I have to sacrifice time for friends and leisure because I consider practice and games as leisure. I take a break from school when I play tennis, so when I get back to my room, I focus on the work I need to get done.

Posted December 13, 2012 by emily9184 in Interviews

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Catching up with Coach Tim Halter   Leave a comment


Coach Tim Halter is in his first season as head coach for the Hood College men’s and women’s tennis teams. I talked with him to find out about his thoughts on the experience so far, his coaching style, and preview the Spring season.

What were you most impressed with during the fall season?
“I was impressed with the improvement of everyone in that short amount of time in the fall season. Everyone had the drive to improve and get that mental edge. Also, everyone made great efforts to make all the practices and understood how important it was not to miss them.”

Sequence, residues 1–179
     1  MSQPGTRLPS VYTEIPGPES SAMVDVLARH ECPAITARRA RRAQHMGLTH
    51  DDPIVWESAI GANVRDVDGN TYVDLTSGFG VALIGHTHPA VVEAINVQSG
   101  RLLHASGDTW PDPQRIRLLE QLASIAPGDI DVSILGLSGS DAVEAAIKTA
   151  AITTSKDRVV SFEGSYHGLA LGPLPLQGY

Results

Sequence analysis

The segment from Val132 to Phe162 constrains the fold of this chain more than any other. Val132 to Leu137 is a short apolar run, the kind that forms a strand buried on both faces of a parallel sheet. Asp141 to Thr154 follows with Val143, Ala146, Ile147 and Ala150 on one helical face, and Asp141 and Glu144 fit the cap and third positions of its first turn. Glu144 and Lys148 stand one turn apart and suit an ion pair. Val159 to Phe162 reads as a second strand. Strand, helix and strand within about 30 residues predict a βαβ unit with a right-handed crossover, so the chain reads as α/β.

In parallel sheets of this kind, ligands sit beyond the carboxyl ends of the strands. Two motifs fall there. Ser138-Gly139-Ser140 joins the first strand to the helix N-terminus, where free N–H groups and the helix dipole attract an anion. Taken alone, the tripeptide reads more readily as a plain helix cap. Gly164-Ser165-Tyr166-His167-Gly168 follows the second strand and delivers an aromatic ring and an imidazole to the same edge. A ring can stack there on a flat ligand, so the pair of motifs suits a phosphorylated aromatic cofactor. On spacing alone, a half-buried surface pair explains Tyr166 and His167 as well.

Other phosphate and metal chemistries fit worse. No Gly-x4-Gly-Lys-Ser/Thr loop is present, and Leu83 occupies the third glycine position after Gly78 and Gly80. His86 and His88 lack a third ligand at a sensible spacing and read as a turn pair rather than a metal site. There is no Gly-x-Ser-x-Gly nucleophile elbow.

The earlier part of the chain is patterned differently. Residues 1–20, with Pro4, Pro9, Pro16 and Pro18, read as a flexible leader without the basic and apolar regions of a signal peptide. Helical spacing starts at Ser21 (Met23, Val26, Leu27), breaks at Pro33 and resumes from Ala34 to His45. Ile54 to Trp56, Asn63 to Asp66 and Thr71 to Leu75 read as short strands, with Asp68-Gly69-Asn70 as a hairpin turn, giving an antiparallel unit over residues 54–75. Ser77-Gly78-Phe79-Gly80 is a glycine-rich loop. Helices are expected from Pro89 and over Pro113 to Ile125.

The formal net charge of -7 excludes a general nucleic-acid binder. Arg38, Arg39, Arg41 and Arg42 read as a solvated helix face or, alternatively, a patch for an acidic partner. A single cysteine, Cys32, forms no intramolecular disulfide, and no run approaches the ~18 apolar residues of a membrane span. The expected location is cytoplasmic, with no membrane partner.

What do we need to improve on the most?
“We need to improve our decision-making and the mental aspect of tennis. We can’t get easily frustrated over one or two little points and have that affect the next couple of games. Also, we need to improve our footwork (especially in doubles), and not getting caught out of position.”
As a coach, what aspects of tennis do you like to emphasize in practice?
“All of the above! I like to work on point play by setting up matches, technique by running drills, and the mental side of tennis by taking everyone aside after a few games and talking with them to see what is going on in their head at the moment. I also emphasize high percentage shots and only going for the big shot when you set up the point. That way you give your unforced errors down and let the opponent make the mistakes.”